1. Yeah, agreed. It’s like when some coworker bitches about abortion rights in Texas or something. I’m always like, “you don’t live there, why the fuck do you care?” Then there’s something about universal rights, etc.. If harassment laws didn’t exist, I would engage in epic trolling about their desire to seek secret abortions in Texas.

        2. Universal human rights are a Christian concept. They derive from the laws of God and his nature.
          If God is just to the rich and poor alike, then we should be just to the rich and poor alike.
          If God calls none Jew or Gentile in Christ, neither should we turn away a black man or a Latino who embraces our culture and morality.
          The thing is, they reject the origin of the concept of human rights, and thus they reject any bounds on them. The Scriptures do not say that every man is entitled to life regardless of his work (in fact, “he who does not work shall not eat”), or that every man is entitled to a physician and medicines regardless of his ability to pay, or that even Christians must allow every other religion, culture, and philosophical tradition to thrive in his nation (in fact, “thou shalt have no other gods before me”).

        3. A long time ago, there was a great post on ROK about the perversion of the golden rule in modern Christianity that echoes what you have written here. Can’t remember who wrote it, but it was basically this same theme – you can’t have only the half you find pleasant.

        4. Exactly. It is a mighty defense, but every step away from the center takes you closer to the gates, where the barbarian hordes seek to take your very life.

        5. “If God calls none Jew or Gentile in Christ,”
          Key phrase “in Christ”.
          ” neither should we turn away a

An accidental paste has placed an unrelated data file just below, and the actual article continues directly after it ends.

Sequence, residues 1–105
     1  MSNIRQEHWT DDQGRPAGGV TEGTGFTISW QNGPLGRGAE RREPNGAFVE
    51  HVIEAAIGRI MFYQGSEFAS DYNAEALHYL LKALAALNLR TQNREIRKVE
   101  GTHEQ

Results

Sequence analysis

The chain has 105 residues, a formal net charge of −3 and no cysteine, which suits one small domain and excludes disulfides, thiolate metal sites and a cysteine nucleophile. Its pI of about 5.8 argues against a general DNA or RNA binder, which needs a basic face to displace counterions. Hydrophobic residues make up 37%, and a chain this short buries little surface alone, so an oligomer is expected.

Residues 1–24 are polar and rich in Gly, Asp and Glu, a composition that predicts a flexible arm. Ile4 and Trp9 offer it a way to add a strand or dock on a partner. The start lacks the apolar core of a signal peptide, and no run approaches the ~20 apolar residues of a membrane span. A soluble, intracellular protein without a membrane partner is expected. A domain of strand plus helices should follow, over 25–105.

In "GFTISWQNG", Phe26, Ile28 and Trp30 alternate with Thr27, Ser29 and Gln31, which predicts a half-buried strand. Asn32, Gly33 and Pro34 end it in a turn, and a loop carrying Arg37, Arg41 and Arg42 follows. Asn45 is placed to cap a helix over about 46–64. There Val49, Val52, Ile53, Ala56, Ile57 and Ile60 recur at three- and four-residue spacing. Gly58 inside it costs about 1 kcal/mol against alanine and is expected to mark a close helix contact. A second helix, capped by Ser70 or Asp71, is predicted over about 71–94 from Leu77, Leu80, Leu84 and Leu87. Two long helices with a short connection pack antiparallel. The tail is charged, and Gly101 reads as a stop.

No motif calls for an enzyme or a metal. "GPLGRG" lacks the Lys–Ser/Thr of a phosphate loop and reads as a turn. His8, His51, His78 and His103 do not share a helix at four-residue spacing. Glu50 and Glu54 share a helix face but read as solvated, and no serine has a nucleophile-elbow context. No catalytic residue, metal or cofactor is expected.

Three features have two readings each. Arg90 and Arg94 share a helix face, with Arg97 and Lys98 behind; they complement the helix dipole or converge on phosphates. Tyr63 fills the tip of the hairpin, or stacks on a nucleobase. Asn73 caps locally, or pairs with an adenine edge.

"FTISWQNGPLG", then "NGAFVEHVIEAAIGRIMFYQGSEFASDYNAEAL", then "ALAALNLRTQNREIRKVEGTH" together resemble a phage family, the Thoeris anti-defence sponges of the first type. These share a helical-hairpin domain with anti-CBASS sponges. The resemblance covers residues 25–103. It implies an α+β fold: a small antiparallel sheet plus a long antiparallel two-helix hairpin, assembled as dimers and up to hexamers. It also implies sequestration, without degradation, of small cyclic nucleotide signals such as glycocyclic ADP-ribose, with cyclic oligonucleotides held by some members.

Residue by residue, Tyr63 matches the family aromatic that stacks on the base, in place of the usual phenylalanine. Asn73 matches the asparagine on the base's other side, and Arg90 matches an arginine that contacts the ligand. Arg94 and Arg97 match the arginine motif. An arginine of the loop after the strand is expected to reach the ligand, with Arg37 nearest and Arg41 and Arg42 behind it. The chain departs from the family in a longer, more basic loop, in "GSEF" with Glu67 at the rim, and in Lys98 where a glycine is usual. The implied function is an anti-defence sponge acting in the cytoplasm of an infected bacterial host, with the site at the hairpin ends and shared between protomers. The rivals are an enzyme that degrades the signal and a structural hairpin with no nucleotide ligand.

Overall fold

black man or a Latino who embraces our culture and morality.”
          God told the ancient nation of Israel that the same set of rules applied to alien and native-born (and later their kings). However, God excluded certain nations from entering into the assembly to the tenth generation, but allowed others to enter the assembly in the third generation.

    4. One of the article’s problems is it seems to contain bits and parts and how it wouldn’t work because of other non-libertarian systems. Like open borders and a welfare state. It can’t work. I agree with you that the original federalist system is probably the most libertarian-like you might get realistically. And a continual push towards pure libertarianism is needed to keep the sloth of people from increasing government interference where it doesn’t belong.

      1. One thing I wish the framers did is put teeth in the document so people couldn’t just ignore it. Most of the problems in our government come from ignoring the constitution.

        1. That was the idea behind the Second Amendment. If our government chooses to ignore the Constitution, people are its teeth.
          But we got lazy and apathetic, and so we defanged the Constitution.

      1. Do you really believe most folks are capable of governing themselves? I don’t.
        Most of our struggle against The Elite is simply an attempt to replace them, while they subsequently attempt to push us back into serfdom.
        Lords and Serfs are the natural order. The Middle Class is an illusion, a dream. Unsustainable for any true length of time.

        1. In a more natural state, the Middle Class is not dissimilar to a poor ruler. They have the ability to self-govern and provide for themselves in a rational and reasonable manner, but they lack the drive for conquest that would make them Upper Class.
          I have meditated long on Aristotle’s theory of “Slaves by Nature.” He proposed that there were just some people who were unable to self-govern and think long-term, so they would necessarily destroy whatever they touched if left unregulated. For this reason, they required masters who were capable and gifted in reason to direct their energies in a way that benefits all (including themselves, in the long run).
          I once believed all men could see truth. Now I fear no man can fully grasp truth, and very few have the will or ability to try.

        2. The majority are probably not. Then they can become the serfs. I’m not really interested in raising up the middle class that are too worthless to do it themselves. I just want us to have a better chance at becoming “The Elites.”

        3. The US Founders knew that, thus such institutions as the Electoral College. Every institution and power group should hold every other by the balls so they’ll work together. Although there were unfortunate choices earlier, it was Lincoln who wrecked the foundations of balanced government.